Claudio Arrau - Virtuoso Philosopher Of The Piano (12 CD box set, APE)
Claudio Arrau – Virtuoso Philosopher Of The Piano (12 CD box set, APE)

Audio CD
Number of Discs: 12 CD box set
Format: APE (image+cue)
Label: EMI Classics
Size: 2.73 GB
Recovery: +3%
Scan: yes

CD 01
Ludwig van Beethoven
Piano Concerto No. 1 in C, Op.15
01. I. Allegro con brio
02. II. Largo
03. III. Rondo: Allegro scherzando

Piano Concerto No. 2 in B flat, Op.19
04. I. Allegro con brio
05. II. Adagio
06. III. Rondo: Molto allegro

Philharmonia Orchestra
Alceo Galliera

07. 32 Variations in C minor, WoO.80

CD 02
Ludwig van Beethoven
Piano Concerto No. 3 in C minor, Op.37
01. I. Allegro con brio
02. II. Largo
03. III. Rondo: Allegro – Presto

Piano Concerto No. 5 in E flat, Op.73 “Emperor”
04. I. Allegro
05. II. Adagio un poco mosso
06. III. Rondo: Allegro – Più allegro

Philharmonia Orchestra
Alceo Galliera

CD 03
Ludwig van Beethoven
Piano Concerto No. 4 in G, Op.58
01. I. Allegro moderato
02. II. Andante con moto
03. III. Rondo: Vivace – Presto
Philharmonia Orchestra
Alceo Galliera

Piano Sonata No. 21 in C major, Op. 53 “Waldstein”
04. I. Allegro con brio
05. II. Introduzione: Adagio molto
06. Rondo: Allegretto moderato – Prestissimo

Piano Sonata No. 26 in E flat major, Op. 81a “Les Adieux”
07. I. Adagio – Allegro (Les Adieux)
08. II. Andante espressivo (L’Absence)
09. III. Vivacissimamente (Le Retour)

CD 04
Ludwig van Beethoven
Piano Sonata No. 23 in F minor, Op. 57 “Appassionata”
01. I. Allegro assai
02. II. Andante con moto
03. III. Allegro ma non troppo – Presto

Piano Sonata No. 22 in F major, Op. 54
04. I. In tempo d’un Menuetto
05. II. Allegretto

Piano Sonata No. 7 in D, Op. 10 No. 3
06. I. Presto
07. II. Largo e mesto
08. III. Menuetto: Allegro
09. IV. Rondo: Allegro

Piano Sonata No. 24 in F sharp, Op. 78
10. I. Adagio cantabile – Allegro ma non troppo
11. II. Allegro vivace

CD 05
Ludwig van Beethoven
Piano Sonata No. 28 in A major, Op. 101
01. I. Allegretto ma non troppo
02. II. Vivace alla Marcia
03. III. Adagio ma non troppo, con affetto
04. Allegro

Piano Sonata No. 31 in A flat major, Op. 110
05. I. Moderato cantabile molto espressivo
06. II. Allegro molto
07. III. Adagio ma non troppo
08. Fuga: Allegro ma non troppo

Piano Sonata No. 32 in C minor, Op. 111
09. I. Maestoso – Allegro con brio ed appassionato
10. II. Arietta: Adagio molto semplice e cantabile

CD 06
Johannes Brahms
Brahms: Piano Concerto No. 1 in D minor, Op.15
01. I. Maestoso GB-AYC-88-03494
02. II. Adagio GB-AYC-88-03495
03. III. Rondo: Allegro non troppo GB-AYC-88-03496
Philharmonia Orchestra
Carlo Maria Giulini

CD 07
Carl Maria von Weber
Konzertstück in F minor, Op. 79
01. Larghetto affettuoso
02. Allegro passionato – Adagio
03. Tempo di marcia – Più mosso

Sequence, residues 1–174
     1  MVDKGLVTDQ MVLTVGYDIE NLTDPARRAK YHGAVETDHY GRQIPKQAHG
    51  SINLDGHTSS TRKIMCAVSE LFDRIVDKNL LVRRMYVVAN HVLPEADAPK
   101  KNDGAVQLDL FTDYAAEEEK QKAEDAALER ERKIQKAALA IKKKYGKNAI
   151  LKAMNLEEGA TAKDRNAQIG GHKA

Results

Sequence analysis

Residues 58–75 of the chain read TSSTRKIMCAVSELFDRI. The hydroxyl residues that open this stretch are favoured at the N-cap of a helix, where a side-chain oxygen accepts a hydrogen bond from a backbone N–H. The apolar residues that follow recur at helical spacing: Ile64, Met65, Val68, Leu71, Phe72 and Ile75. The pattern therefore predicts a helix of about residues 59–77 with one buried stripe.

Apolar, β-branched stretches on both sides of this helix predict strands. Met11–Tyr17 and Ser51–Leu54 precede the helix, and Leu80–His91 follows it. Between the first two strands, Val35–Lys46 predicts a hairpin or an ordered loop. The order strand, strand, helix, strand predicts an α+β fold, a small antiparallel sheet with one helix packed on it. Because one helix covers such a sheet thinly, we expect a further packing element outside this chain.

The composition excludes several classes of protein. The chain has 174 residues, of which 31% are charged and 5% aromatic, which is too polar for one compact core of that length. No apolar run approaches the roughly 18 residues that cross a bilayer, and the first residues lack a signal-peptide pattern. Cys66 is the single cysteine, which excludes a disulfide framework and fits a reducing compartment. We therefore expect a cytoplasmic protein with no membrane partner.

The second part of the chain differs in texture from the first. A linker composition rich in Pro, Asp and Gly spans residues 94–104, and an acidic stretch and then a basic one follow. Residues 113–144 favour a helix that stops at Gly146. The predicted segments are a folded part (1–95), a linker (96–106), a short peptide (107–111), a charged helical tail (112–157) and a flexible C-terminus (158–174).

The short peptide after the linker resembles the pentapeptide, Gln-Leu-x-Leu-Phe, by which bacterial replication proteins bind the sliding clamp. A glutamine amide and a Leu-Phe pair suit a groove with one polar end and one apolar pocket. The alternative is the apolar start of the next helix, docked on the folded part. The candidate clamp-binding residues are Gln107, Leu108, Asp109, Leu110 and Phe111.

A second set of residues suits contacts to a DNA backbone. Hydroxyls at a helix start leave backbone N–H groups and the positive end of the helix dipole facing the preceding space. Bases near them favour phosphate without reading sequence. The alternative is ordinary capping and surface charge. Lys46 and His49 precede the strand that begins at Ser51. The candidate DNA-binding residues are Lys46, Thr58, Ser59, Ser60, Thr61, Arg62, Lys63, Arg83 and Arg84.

04. Presto giojoso
Philharmonia Orchestra
Alceo Galliera

Johannes Brahms
Piano Concerto No. 2 in B flat major, Op.83
05. I. Allegro non troppo GB-AYC-88-03324
06. II. Allegretto appassionato GB-AYC-88-03325
07. III. Andante* GB-AYC-88-03326
08. IV. Allegretto grazioso GB-AYC-88-03327
Raymond Clark, cello
Philharmonia Orchestra
Carlo Maria Giulini

CD 08
Pyotr Il’yich Tchaikovsky
Piano Concerto No. 1 in B flat minor, Op.23
01. I. Allegro non troppo e molto maestoso – Allegro con spirito 21.20
02. II. Andantino semplice – Prestissimo – Tempo I 7.46
03. III. Allegro con fuoco 7.06
Philharmonia Orchestra
Alceo Galliera

Edvard Grieg
Piano Concerto in A minor, Op.16
04. I. Allegro molto moderato – Cadenza – Tempo I
05. II. Adagio
06. III. Allegro moderato molto e marcato – Andante maestoso
Philharmonia Orchestra
Alceo Galliera

CD 09
Franz Schubert
3 Klavierstücke, D.946
01. Impromptu No. 1 in E flat minor
02. Impromptu No. 2 in E flat
03. Impromptu No. 3 in C

Fantasy in C “Wanderer”, D.760
04. Allegro con fuoco ma non troppo
05. Adagio
06. Presto
07. Allegro

08. Allegretto in C minor, D.915
09. March in E, D.606

CD 10
Franz Schubert
6 Moments musicaux, D.780
01. No. 1 in C
02. No. 2 in A flat
03. No. 3 in F minor
04. No. 4 in C sharp minor
05. No. 5 in F minor
06. No. 6 in A flat major

Frédéric Chopin
Piano Sonata No. 3 in B minor, Op.38
07. I. Allegro maestoso
08. II. Scherzo: Molto vivace
09. III. Largo
10. IV. Finale: Presto non tanto

11. Fantasy in F minor, Op. 49 13.11

CD 11
Frédéric Chopin
12 Études, Op.10
01. No. 1 in C
02. No. 2 in A minor
03. No. 3 in E
04. No. 4 in C sharp minor
05. No. 5 in G flat
06. No. 6 in E flat minor
07. No. 7 in C
08. No. 8 in F
09. No. 9 in F minor
10. No. 10 in A flat
11. No. 11 in E flat
12. No. 12 in C minor

12 Études, Op.25
13. No. 1 in A flat
14. No. 2 in F minor
15. No. 3 in F
16. No. 4 in A minor
17. No. 5 in E minor
18. No. 6 in G sharp minor
19. No. 7 in C sharp minor
20. No. 8 in D flat
21. No. 9 in G flat
22. No. 10 in B minor
23. No. 11 in A minor
24. No. 12 in C minor

3 Nouvelles Études
25. No. 1 in F minor
26. No. 2 in D flat
27. No. 3 in A flat

28. Allegro de concert in A, Op.46

CD 12
Robert Schumann
Piano Concerto in A minor, Op.54
01. I. Allegro affetuoso – Andante espressivo – Tempo I – Cadenza – Allegro molto
02. II. Intermezzo (Andantino grazioso)
03. III. Allegro vivace
Philharmonia Orchestra
Alceo Galliera

Carnaval, Op. 9
04. 1. Préambule
05. 2. Pierrot
06. 3. Arlequin
07. 4. Valse noble
08. 5. Eusebius
09. 6. Florestan
10. 7. Coquette
11. 8. Réplique
12. 9. Papillons
13. 10. A.S.C.H. – S.C.H.A. (Lettres dansantes)
14. 11. Chiarina
15. 12. Chopin
16. 13. Estrella
17. 14. Reconnaissance
18. 15. Pantalon et Colombine
19. 16. Valse allemande
20. 17. Paganini (Intermezzo)
21. 18. Aveu
22. 19. Promenade
23. 20. Pause
24. 21. Marche des »Davidsbündler« contre les Philistins

Arrau: the EMI recordings